The first World Food Safety Day, observed on June 7, was an opportunity to check on public opinion around the world. And the survey, say the sponsors, draws attention to the fact that food safety is crucial across geographies, and is everyone’s concern.

At 96 percent, residents of China are the most confident about the safety of the food they consume. Food safety confidence was also high in India, at 93 percent, and the United States at 90 percent. In France, however, 52 percent said they did not feel sufficiently informed to be confident about food safety.

Two world-class companies, Merieux Nutrisciences, and bioMerieux, conducted international consumer research to understand perceptions and behaviors involving food safety in four countries: the United States, China, France and India.

“Even if food safety seems to be a growing concern for these four countries, the results highlight different perceptions and expectations from one country to another,” according to a statement from the two companies.

The survey found best-before dates are most important in India where 66 percent of those asked said they use them, and the United States where 61 percent use them. Only 33 percent of the French consider the best-by dates a guarantee. Scoring higher in France was traceability at 71 percent of respondents; product composition at 63 percent; and quality labeling at 41 percent.

Product brands are not seen as an essential guarantee of food safety in France with only 11 percent relying on them, but rated higher in China and India with 42 percent and 43 percent of respondents, respectively, relying on brand names as indicators for safety.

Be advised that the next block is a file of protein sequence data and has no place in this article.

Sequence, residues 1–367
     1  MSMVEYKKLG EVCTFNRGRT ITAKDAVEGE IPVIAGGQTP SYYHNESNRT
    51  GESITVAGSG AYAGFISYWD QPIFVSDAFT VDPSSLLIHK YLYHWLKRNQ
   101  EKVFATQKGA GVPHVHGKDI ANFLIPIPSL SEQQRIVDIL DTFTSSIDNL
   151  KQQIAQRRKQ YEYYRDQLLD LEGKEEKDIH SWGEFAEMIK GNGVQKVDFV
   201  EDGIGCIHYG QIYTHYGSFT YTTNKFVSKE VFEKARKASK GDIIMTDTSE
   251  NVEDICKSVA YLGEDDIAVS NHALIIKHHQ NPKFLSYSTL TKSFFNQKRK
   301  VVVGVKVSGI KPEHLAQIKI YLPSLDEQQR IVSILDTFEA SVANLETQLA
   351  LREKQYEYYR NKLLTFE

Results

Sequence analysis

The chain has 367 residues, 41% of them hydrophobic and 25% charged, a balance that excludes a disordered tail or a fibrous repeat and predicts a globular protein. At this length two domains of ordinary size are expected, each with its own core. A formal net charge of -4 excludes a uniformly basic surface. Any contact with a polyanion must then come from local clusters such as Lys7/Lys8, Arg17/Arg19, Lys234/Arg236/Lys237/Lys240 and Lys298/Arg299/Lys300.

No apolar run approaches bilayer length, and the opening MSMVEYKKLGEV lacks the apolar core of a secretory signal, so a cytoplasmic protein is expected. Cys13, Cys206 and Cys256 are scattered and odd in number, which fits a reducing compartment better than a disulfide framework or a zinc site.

“As a leader in microbiological food control, we are committed to protecting the health of consumers and the survey we have co-funded reveals that the criteria all four nations agree on as being a concern, is the presence of bacteria in food, rated in the Top 3 by Americans, Chinese, Indians and French people. This illustrates the importance of the microbiological quality of food and beverage for consumers from these four countries.” said Nicolas Cartier, executive vice president for the industrial microbiology unit at bioMérieux.

For issues such as chemicals, food fraud, pathogens and allergens, the international survey found Americans less worried, coming in at 64 percent, than the French at 78 percent, Indians at 81 percent and Chinese at 89 percent.

“When looking at the future, guaranteeing that a product does not present any bacteriological or poisoning risks remains instrumental. It will also become important to ensure that the product is free of preservatives, not carcinogenic, organic and with an acceptable carbon footprint,” said Philippe Sans, president and CEO of Mérieux NutriSciences.

The survey results imply major behavioral changes in many countries, according to the companies. Regarding packaging, 92 percent of French respondents, 72 percent of Chinese, 87 percent of Indians, and 83 percent of Americans are predominantly willing to accept the evolution of less individual packaging, less plastic and more returnable glass. However, a minority of 45 percent of respondents in France and 49 percent in America would accept paying more for healthier and safer food. In India 72 percent would be billing to pay more. In China 73 would pay more.

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